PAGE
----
Accused NSA Leaker May Be Treated Harshly As An Example, Experts Say

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Former federal contractor and NSA leaker Reality Winner.
Public domain

Her family calls Reality Leigh Winner a patriot who may have made some mistakes but acted with conviction for the good of her country. The federal government portrays her as something more sinister — a threat to national security.


Those contrasting portraits, first unveiled last week in a bond hearing in an Augusta federal court, will likely emerge in the months ahead as the central themes in the first leak prosecution under the Trump administration.

Each side has much at stake

Legal experts say prosecutors will want to make an example of someone who allegedly shared secrets in an era where rampant leaks have angered President Donald Trump and damaged his presidency. Winner, meanwhile, will be fighting for her freedom.

Winner, an intelligence contractor who worked at Fort Gordon near Augusta, pleaded not guilty to a single count of “willful retention and transmission of national defense information.” She is charged under the Espionage Act with leaking a top secret NSA document on Russian attempts to hack U.S. election systems to the news media.

Prosecutors won the first sortie on Thursday, convincing U.S. Magistrate Judge Brian Epps that Winner is too great a risk to be released on bond. Assistant U.S. Attorney Jennifer Solari said the government is concerned Winner might have compromised other secrets, and that she had a “persistent” desire to travel to Afghanistan and researched technology that could be used to cover her digital tracks.

Winner allegedly wrote that she wanted to “burn the White House down” and in notes appeared sympathetic to the Taliban.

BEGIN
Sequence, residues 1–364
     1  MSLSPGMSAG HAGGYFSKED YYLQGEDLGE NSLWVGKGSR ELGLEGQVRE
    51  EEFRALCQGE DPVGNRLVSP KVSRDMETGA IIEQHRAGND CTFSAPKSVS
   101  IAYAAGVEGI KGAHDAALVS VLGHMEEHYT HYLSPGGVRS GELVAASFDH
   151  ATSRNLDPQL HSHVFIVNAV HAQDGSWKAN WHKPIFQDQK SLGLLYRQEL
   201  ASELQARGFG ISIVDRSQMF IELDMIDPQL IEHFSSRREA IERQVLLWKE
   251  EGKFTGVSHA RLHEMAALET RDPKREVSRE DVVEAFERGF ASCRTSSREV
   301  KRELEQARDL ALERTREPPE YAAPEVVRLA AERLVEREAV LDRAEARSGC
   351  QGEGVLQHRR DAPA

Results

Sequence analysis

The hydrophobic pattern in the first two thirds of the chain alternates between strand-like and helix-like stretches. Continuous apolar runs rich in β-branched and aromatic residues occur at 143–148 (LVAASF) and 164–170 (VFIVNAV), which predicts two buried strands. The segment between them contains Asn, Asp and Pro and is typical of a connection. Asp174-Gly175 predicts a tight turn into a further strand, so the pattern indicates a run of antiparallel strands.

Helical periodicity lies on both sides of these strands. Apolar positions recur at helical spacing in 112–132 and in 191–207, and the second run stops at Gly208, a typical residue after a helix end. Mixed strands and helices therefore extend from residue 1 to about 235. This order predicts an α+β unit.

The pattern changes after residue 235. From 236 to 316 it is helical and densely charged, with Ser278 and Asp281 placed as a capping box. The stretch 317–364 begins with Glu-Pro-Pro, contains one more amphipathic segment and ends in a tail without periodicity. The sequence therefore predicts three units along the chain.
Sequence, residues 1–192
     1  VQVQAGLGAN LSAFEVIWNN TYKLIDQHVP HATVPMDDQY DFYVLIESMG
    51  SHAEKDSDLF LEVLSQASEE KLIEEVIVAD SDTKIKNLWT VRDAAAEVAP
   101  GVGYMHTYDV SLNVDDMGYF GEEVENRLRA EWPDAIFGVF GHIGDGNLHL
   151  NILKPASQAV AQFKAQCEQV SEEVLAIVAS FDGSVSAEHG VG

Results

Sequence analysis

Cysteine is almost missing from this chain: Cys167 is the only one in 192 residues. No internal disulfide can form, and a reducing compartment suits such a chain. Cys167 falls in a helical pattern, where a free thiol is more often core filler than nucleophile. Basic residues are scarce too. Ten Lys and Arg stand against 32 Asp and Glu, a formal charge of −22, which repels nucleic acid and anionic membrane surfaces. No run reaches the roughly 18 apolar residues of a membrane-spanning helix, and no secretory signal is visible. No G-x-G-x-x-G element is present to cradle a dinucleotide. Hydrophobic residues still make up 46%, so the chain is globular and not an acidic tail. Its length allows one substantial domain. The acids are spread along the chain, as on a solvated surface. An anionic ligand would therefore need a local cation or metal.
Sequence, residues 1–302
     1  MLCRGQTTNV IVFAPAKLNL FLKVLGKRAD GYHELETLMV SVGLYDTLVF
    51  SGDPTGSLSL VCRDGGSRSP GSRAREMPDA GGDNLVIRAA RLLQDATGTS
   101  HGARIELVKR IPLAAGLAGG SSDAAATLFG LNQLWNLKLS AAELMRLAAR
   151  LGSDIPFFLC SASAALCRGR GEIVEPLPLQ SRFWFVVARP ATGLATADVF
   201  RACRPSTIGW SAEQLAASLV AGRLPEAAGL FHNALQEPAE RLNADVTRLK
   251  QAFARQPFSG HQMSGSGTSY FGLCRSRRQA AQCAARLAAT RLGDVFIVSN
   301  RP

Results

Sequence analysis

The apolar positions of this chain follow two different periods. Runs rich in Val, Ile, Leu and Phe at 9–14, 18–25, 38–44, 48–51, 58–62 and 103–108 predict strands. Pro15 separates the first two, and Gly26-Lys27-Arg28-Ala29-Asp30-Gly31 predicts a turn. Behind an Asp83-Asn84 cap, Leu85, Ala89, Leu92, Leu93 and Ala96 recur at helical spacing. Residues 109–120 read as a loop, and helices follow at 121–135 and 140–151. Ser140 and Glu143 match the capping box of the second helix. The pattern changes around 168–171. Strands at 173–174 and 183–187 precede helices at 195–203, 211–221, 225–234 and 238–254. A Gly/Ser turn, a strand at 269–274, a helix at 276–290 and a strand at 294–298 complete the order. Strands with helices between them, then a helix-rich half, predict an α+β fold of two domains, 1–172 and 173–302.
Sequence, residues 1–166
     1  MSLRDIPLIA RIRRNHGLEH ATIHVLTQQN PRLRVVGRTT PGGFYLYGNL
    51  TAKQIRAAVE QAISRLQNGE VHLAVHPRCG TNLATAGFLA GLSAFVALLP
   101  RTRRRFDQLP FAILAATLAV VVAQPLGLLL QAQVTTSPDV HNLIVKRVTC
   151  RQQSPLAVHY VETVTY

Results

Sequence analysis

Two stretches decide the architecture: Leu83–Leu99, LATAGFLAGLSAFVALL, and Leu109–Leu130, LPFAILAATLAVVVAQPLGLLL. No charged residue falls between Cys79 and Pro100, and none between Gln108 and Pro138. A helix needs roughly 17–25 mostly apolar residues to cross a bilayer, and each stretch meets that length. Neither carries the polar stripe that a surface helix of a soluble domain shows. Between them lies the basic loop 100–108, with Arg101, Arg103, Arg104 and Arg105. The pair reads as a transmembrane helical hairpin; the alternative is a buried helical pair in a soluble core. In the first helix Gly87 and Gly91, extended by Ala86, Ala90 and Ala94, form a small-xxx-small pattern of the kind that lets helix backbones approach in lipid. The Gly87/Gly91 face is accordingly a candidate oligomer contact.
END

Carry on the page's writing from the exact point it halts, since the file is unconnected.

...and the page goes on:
Winner’s lawyer, Titus Nichols, said his client isn’t a flight risk nor a threat.

Friends and her family have described her as an animal lover, a fitness buff and a decorated Air Force veteran. Her stepfather, Gary Davis, said her youth, her liberal views and her high security clearance make her “a perfect patsy.”

“That’s what our biggest fear is — political persecution to drive home a political point,” Davis said. “That’s the unwritten message. If you go against the government, then we’re going to shut you down. And we’re going to throw you into prison and throw away the key.”

Record might engender sympathy

President Barack Obama prosecuted more leakers than all other presidents before him combined, and though the Winner case is the first under Trump, the new president has demanded the Department of Justice find and prosecute more.

Under Trump, even the definition of “leaker” has expanded. On Friday, the president called James Comey, the FBI director he fired amid probes into Russia election meddling, “a leaker,” although the contents of the memo Comey told Congress he had distributed to the press do not appear to qualify as classified information.

Joshua Lowther, a criminal defense attorney in Atlanta, said Winner could make a sympathetic defendant. She’s a six-year veteran of the Air Force awarded a commendation for her intelligence work, which helped kill and capture hundreds of enemy combatants.